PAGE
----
Support the news

A Bronze Eagle Finial

A bronze eagle finial. Gilded bronze, 25.4 cm (10 in.) height. (Courtesy Isabella Stewart Gardner Museum)
A bronze eagle finial. Gilded bronze, 25.4 cm (10 in.) height. (Courtesy Isabella Stewart Gardner Museum)

1813–1814

The Oxford Dictionary defines a finial as an ornament at the top, end or corner of an object. The 10-inch tall bronze eagle that was stolen from the Gardner formed the decorative top of a flagpole to which was attached a silk flag from Napoleon’s First Regiment of Imperial Guard. The eagle stands proud, with its wings spread, almost glaring. Although they tried, the thieves were unable to remove the entire flag, which was in a case screwed to the wall of the Short Gallery, so they finally settled for the finial. The entire object hung in Mrs. Gardner’s Beacon Street house before she built the museum. The finial is gone, but the flag is still there.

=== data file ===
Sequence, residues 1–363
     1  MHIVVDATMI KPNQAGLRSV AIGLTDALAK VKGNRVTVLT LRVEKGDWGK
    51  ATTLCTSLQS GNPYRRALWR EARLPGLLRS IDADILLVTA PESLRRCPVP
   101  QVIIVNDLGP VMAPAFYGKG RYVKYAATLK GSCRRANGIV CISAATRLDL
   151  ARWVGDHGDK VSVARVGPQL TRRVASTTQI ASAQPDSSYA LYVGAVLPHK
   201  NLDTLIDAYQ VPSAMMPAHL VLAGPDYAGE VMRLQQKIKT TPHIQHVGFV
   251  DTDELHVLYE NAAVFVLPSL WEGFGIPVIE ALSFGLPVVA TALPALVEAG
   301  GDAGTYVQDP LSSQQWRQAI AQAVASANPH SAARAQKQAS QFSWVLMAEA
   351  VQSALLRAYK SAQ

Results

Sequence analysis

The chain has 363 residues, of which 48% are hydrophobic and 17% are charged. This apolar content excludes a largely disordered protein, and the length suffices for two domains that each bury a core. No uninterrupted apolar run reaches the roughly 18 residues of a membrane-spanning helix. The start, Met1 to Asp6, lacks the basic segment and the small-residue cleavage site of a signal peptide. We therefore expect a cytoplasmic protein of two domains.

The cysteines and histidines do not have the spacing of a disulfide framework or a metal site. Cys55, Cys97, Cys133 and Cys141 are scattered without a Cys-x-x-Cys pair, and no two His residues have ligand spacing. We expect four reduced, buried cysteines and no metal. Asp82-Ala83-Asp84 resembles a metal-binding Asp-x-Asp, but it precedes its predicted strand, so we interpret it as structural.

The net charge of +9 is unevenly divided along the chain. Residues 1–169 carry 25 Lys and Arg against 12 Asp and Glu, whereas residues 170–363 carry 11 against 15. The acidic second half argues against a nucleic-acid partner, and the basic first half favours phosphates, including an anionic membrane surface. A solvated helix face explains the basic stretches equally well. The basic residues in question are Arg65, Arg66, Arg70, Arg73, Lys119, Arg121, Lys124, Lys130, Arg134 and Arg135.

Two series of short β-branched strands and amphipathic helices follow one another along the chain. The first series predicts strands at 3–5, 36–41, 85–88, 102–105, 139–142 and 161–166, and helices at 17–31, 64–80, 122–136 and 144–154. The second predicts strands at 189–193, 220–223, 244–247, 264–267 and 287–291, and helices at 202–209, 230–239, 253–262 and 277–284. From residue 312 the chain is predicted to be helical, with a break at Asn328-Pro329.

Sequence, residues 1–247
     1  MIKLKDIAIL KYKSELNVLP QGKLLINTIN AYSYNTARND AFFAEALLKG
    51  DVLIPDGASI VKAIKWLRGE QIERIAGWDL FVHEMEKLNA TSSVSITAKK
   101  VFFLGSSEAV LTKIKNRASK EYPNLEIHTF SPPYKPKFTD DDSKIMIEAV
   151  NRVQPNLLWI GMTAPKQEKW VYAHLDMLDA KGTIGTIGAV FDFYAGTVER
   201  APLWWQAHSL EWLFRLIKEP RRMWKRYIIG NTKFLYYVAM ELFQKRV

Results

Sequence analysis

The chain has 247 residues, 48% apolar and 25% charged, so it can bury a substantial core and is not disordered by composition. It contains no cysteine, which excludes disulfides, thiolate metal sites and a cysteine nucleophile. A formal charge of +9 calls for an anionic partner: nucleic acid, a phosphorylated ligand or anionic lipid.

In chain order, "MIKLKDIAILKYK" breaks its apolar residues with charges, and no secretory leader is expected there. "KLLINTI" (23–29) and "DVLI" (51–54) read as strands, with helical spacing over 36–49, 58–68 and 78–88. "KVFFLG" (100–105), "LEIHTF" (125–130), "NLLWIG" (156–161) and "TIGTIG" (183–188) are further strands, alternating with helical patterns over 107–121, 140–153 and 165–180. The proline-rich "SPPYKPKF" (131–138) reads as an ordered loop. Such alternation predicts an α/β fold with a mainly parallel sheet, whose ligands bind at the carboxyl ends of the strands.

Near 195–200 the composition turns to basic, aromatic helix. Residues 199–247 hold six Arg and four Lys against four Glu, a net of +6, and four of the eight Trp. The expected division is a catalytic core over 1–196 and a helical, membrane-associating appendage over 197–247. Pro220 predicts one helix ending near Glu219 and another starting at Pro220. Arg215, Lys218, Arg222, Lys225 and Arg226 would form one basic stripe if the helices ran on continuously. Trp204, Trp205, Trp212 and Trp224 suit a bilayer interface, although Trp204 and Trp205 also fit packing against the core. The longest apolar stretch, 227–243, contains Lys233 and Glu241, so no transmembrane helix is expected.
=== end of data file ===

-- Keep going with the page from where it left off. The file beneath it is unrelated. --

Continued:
— Written by Lloyd Schwartz


+Join the discussion
TwitterfacebookEmail

Support the news